Local News

Officers File Lawsuit Against City of Raleigh

Posted May 17, 1999

— A group ofRaleigh policeofficers are taking thecity of Raleighto court on accusations of violating federal labor laws.

The Raleigh Police Protective Association, which represents about 125 of the city's 700 officers, filed a lawsuit with the U.S. District Court, saying that Raleigh is in violation of the Fair Labor Standards Act.

Raleigh police officers get compensation for working overtime. The officers involved in the suit say they are routinely asked to take unscheduled time off so they do not accumulate too many overtime hours.

When they approach 50 hours of 'comp time,' they are forced off the beat, the police union says.

"Once you get up to that so-called magic number your supervisor will come up to you and say, 'Look, Officer so-and-so, you need to find a day off in the book to take time off. Your overtime is too high,' said Jim Nidiffer, an officer with the police union. "That is in violation of the Fair Labor Standards Act."

"It's no secret that a lot of the officers are not happy with the current decision that the city council made," said Nidiffer. "And there's not a whole lot we can do about it."

Their federal lawsuit alleges that the city of Raleigh has not properly credited the officers for their work time. It also claims that the city did not credit officers with all work time for training and that some officers were denied overtime pay entirely and misclassified as exempt.

Dempsey Benton, Raleigh city manager, said they followed the book on police pay.

"We've described our procedures clearly in our personnel handbooks that all employees have, and we think we're following the federal requirements," Benton said.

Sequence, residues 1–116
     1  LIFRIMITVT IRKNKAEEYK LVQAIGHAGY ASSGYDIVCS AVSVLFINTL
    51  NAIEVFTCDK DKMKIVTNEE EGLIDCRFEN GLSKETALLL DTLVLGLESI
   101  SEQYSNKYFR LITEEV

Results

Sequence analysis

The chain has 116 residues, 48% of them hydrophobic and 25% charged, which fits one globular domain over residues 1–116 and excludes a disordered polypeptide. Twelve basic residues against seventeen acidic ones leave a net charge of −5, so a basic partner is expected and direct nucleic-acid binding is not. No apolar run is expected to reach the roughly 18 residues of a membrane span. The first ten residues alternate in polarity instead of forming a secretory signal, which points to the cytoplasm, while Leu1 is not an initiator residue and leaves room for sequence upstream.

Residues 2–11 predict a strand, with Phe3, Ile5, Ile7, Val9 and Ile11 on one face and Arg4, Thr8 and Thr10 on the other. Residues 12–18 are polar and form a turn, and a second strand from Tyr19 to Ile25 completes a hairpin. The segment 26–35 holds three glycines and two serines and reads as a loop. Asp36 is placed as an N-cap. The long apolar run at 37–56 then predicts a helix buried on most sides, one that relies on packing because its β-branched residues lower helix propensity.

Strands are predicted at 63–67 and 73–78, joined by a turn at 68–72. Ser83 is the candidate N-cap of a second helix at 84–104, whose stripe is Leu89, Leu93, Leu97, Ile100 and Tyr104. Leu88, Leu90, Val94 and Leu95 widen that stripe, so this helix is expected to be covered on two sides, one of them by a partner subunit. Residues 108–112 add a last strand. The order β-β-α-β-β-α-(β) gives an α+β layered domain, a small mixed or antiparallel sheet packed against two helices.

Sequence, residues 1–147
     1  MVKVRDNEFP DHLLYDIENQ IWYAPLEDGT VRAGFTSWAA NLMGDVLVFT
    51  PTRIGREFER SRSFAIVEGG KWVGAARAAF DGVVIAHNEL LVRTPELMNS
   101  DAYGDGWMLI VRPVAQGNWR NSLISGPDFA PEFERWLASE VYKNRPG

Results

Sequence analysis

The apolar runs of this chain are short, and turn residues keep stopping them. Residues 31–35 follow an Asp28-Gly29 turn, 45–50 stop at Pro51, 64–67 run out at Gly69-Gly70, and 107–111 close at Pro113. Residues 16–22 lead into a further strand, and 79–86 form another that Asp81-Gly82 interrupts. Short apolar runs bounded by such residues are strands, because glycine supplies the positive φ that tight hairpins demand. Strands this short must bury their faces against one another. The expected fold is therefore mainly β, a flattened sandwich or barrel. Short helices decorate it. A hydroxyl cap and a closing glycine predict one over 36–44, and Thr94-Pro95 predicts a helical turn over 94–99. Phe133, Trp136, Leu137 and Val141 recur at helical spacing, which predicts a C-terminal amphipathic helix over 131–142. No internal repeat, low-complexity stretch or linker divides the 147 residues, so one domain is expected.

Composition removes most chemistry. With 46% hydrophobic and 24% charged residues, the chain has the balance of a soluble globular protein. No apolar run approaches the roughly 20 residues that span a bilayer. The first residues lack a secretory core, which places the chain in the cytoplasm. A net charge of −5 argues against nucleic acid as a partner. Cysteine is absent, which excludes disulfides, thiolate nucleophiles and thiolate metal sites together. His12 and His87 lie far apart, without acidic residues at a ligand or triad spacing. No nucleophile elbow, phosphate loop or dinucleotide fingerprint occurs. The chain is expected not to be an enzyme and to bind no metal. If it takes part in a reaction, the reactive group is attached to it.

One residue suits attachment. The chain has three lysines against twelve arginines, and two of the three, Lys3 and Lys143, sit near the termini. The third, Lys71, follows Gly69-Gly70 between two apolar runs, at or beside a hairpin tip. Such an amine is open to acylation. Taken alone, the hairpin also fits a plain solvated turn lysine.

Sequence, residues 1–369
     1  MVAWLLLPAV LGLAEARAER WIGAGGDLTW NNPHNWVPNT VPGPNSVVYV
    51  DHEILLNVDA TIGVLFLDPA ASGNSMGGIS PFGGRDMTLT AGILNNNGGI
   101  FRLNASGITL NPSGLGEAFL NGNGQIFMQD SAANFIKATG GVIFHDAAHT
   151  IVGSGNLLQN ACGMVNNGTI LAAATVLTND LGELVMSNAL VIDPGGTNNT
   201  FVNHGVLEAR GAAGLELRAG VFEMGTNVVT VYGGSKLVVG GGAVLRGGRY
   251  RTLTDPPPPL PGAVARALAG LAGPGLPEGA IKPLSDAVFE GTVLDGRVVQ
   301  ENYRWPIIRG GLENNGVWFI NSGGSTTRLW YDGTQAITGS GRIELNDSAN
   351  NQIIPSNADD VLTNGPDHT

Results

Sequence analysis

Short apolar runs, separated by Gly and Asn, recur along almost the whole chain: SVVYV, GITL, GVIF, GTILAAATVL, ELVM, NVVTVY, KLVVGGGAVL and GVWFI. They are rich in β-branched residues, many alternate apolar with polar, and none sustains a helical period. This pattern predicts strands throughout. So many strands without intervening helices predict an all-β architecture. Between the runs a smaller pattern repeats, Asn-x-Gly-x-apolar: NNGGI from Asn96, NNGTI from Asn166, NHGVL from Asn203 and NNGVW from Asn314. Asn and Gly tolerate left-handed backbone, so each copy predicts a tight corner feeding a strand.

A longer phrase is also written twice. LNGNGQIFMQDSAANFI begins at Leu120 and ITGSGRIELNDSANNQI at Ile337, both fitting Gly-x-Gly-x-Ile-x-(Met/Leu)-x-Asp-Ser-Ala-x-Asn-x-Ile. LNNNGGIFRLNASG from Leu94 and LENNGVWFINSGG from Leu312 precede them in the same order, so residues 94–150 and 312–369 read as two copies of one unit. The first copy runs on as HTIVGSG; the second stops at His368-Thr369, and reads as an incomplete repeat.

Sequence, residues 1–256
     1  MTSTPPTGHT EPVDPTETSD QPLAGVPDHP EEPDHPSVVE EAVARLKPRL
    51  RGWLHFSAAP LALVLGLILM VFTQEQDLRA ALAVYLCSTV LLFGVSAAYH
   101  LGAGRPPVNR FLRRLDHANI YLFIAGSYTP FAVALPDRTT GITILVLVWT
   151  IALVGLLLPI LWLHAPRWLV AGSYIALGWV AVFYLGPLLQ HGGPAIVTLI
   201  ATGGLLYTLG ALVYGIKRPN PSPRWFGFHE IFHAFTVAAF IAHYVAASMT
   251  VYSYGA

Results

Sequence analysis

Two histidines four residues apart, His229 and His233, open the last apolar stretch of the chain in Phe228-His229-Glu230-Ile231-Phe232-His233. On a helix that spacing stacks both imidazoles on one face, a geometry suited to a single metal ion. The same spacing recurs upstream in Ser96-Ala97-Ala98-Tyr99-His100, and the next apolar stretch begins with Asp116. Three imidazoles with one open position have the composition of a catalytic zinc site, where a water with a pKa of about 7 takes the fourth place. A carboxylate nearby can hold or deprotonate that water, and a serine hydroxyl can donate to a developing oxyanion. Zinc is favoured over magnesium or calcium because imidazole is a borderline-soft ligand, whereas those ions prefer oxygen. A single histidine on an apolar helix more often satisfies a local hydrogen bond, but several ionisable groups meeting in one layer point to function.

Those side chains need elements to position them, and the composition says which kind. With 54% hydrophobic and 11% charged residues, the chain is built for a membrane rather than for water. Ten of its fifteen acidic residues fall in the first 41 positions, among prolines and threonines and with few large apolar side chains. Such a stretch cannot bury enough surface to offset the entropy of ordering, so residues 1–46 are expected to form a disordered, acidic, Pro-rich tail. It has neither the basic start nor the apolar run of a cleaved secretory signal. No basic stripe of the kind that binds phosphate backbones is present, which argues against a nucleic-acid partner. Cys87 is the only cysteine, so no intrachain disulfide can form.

City councilman Kieran Shanahan, who chairs the Law and Public Safety committee, said he is open to suggestions.

"For example, I think that if an officer works overtime, we ought to give him an option to collect that overtime as opposed to 'comp time.'"

While Shanahan is open to options, he said he does not like the way the lawsuit happened. He said he wished the union would have talked more instead of speaking through the lawsuit.

Police union members say they are not looking for a monetary settlement, necessarily, they just want the overtime policy changed.

Nidiffer also said that the lawsuit would have no effect on officers' job performance.

"We're still going to go out everyday and do our job," he said. "Our fellow officers depend on us for being there; the citizens of Raleigh depend on us for being there."

In recent years, similar lawsuits in other cities have been successful. Officers in Los Angeles, Houston, Milwaukee, Jackson, Mississippi and Alexandria, Virginia claimed they were cheated out of overtime. Their lawsuits resulted in hundreds of thousands of dollars of back pay and changes to the pay procedures in their departments.

The Fair Labor Standards Act requires overtime compensation (at time and one-half) for all "hours worked" over a prescribed "threshold" (typically 40 hours per week), for "nonexempt" employees. FLSA overtime cases seek recovery for unpaid or underpaid back wages, plus double damages (called "liquidated damages") and attorneys' fees.

Entry level police officers in North Carolina make an average of $24 thousand, but officers in Durham and Fayetteville say that is not enough.

Fayetteville police officers are among the lowest-paid in the state's largest cities.

Durham police officers want a 15 percent pay increase, but Durham's proposed budget includes just a two percent raise.

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